Thinking of Becoming a Virtual Assistant?

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We are thrilled to introduced this month's blog post from Kathy Soulsby, Virtual Assistant and author of the fantastic book detailing life as a VA, Virtually Painless.

Lots of people in the PA world at the moment are thinking of making the move to being a Virtual Assistant. I’ve been doing it since 2014 and I love it. I would genuinely recommend it if you think you have the right skills and mindset. But it may not be what you expect so here are some things to think about.

(Note: when I am talking about VAs here, I am talking about individuals who run their own businesses, rather than an employed VA who is a home-working PA.)

When I decided to become a VA, I really thought that as a PA it was just a matter of working in a different way, freelancing instead of being employed. And on paper this is sort of true. However, the reality is that I didn’t have a clue about how different it would be. There are a million ways in which working for yourself is different. Some are, without doubt amazing (working in your PJs, getting to have a dog, not having an actual boss, going to the gym at 10AM, being around for school pick up and so forth). But some are really hard.

The work is different. Yes indeed, all those hard-earned PA skills I have, juggling insane diaries, booking mental travel schedules all totally unused. The kind of clients I have just don’t want that kind of support and conversations with other VAs would seem to support this to some degree. That’s the downside. The upside is that actually as well as the pile of usual admin things that are more junior than I might have done as a PA/EA, after a time I have become in many ways a more respected colleague and do much more advisory work. For some clients, I am a very valuable resource to bounce ideas off and be challenged by. Even as a very well-respected EA, that didn’t really happen.

As a VA you need to know a lot more about technology than you ever did in corporate life. There is no real end to what is out there, and no one can (or should!) know fully every single CRM system or mail automation site. But clients will expect you to understand enough about the main ones to have a conversation about them. There is also a reasonable amount of legal “stuff” that comes with running a business. At the least you’ll be needing insurance and to do a self-assessment for tax. But you may well also need to register for data protection, anti-money laundering and other things. Again, as well as what you need to do to protect you, your clients, and your business, when new things come in (like GDPR in May 18) your clients will expect you to at least know the basics but potentially they’ll want to you to help them navigate it as well.

The worst part – no regular pay. And if you don’t work, you don’t earn. There will come a point where no matter how many networking meetings you haul yourself to, no one is biting. The few leads you have fizzle into nothing and you have to keep motivating yourself and getting out there even when you are pretty convinced it’s all pointless and you might as well just stack shelves in Tesco. And what about when you’re ill? Or want a holiday? Or someone in the family is ill and you have to drop everything? Or just can’t be fagged to get out of bed because it’s all too hard? I knew this intellectually, of course I did, but the reality of how it feels is scary. And even when you do have work, most VAs work based on client billed time so literally, you can sit at your desk for 10 hours and only be paid for 5. Trust me, it happens!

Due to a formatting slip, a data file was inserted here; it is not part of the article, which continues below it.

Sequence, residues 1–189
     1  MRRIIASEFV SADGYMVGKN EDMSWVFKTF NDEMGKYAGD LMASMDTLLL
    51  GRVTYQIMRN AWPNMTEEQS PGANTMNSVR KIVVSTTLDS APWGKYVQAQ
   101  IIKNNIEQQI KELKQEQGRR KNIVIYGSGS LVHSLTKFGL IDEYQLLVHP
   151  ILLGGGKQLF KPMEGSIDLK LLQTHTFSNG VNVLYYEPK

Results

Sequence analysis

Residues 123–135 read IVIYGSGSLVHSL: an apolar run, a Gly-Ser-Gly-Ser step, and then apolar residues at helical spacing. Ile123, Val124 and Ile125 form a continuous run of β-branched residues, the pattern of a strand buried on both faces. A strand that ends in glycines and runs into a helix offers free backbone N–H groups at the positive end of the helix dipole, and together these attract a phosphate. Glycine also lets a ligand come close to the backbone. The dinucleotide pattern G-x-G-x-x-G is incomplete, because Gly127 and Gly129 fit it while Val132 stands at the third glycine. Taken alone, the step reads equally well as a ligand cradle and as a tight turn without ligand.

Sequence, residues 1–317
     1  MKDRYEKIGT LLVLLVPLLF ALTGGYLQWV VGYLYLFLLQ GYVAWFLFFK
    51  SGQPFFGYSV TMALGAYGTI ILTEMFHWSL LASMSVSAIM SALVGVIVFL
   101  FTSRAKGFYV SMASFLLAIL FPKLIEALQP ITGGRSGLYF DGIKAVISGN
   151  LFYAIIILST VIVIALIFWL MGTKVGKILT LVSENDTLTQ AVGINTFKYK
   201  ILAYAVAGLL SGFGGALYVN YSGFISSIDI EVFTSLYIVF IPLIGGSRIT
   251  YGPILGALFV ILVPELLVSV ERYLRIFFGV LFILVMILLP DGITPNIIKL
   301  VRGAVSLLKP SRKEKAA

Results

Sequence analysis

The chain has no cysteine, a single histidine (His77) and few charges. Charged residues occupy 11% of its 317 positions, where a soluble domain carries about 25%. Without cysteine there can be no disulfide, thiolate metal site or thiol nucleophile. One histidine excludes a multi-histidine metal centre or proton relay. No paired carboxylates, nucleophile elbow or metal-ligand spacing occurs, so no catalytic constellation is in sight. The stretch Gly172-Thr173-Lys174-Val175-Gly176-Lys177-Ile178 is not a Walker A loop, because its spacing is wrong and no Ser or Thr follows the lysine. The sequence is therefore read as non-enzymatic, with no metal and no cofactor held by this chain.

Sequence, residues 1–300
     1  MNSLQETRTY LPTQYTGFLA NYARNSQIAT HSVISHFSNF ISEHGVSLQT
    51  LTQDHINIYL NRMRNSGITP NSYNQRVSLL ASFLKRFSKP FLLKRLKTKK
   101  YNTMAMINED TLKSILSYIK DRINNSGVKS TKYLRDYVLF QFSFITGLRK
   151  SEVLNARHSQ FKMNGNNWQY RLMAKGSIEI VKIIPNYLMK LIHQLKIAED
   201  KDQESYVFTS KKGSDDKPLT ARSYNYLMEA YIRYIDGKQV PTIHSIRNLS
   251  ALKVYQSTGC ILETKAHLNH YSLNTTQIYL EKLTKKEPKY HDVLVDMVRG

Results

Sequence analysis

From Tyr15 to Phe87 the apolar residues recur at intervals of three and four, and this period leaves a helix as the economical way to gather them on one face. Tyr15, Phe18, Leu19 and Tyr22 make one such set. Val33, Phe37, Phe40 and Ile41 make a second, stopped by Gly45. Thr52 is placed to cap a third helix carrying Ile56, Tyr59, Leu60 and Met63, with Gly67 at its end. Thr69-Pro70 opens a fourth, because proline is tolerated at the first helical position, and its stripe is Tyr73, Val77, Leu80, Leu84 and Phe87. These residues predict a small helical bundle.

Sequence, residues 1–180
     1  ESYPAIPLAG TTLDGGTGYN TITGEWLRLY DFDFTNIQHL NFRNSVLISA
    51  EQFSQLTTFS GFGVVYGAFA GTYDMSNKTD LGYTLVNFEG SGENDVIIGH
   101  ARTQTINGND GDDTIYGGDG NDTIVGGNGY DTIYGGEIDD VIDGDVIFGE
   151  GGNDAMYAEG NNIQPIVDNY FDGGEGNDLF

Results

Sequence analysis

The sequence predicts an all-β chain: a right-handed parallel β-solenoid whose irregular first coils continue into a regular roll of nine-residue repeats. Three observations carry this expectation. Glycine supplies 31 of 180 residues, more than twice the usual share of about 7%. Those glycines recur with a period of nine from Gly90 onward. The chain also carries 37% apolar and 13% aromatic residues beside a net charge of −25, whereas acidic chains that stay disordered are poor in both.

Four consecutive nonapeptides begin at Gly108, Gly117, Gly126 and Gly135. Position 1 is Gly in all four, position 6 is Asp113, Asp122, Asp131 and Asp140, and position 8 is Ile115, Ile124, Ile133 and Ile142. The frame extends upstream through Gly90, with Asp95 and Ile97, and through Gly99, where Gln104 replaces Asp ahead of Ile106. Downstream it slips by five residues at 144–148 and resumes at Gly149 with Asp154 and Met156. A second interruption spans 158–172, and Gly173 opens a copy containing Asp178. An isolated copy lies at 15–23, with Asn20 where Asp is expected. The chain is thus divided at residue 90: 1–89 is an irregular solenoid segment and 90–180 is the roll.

“Hello, IT? My PC seems to have frozen”. As a freelancer you are now the boss. Hurrah. However, you are now also the IT Department, Sales Department, Marketing Department, Finance Department …. And you make the tea. All you. If your laptop dies (or a puppy hurls it onto the floor and kills it dead) not only do you have to get it fixed or replaced, likely you are earning no money until this is done. You can of course have others to do your IT, bookkeeping, social media etc, but they all cost money and, especially with IT or broadband, it may not be very timely when you are under pressure in a crisis. After the puppy incident I was simultaneously on the phone to my IT guys and climbing on a ladder to get my 1990’s desktop out of the attic trying hard not to hyperventilate at the thought of all the work I was not doing whilst fixing this mess. I now have two identical set ups - it’s that important that I can’t be without something to work on, so I have a desktop and a laptop.

It can be really lonely going from being in an office to being on your own. If you aren’t busy, it can be very hard to motivate yourself when you have all the time in the world and no one breathing down your neck. Most of us have fabulous support in the form of family, partners, friends and they will back you to the hilt. But they won’t really get how it works or how it feels unless they have done it themselves. If you have self-employed friends then brilliant, there are also some great groups for VAs where you can find a tribe to hang out with. There are also coaches, business buddying (formal or informal), training courses and local face to face groups for VAs. They are life savers and have kept me sane many times.

I wouldn’t go back to being a PA or EA now that I’ve been a VA, I am too used to the freedom! If you are thinking of making the change, I hope this has given you some things to think about.

Kathy has been running Personally Virtual since 2014 and in 2017 published Virtually Painless, a book about the realities of VA life.

Essex PA Network works to promote the profiles of PAs, VAs and administrative support staff, and to help people make connections and to nurture their careers.

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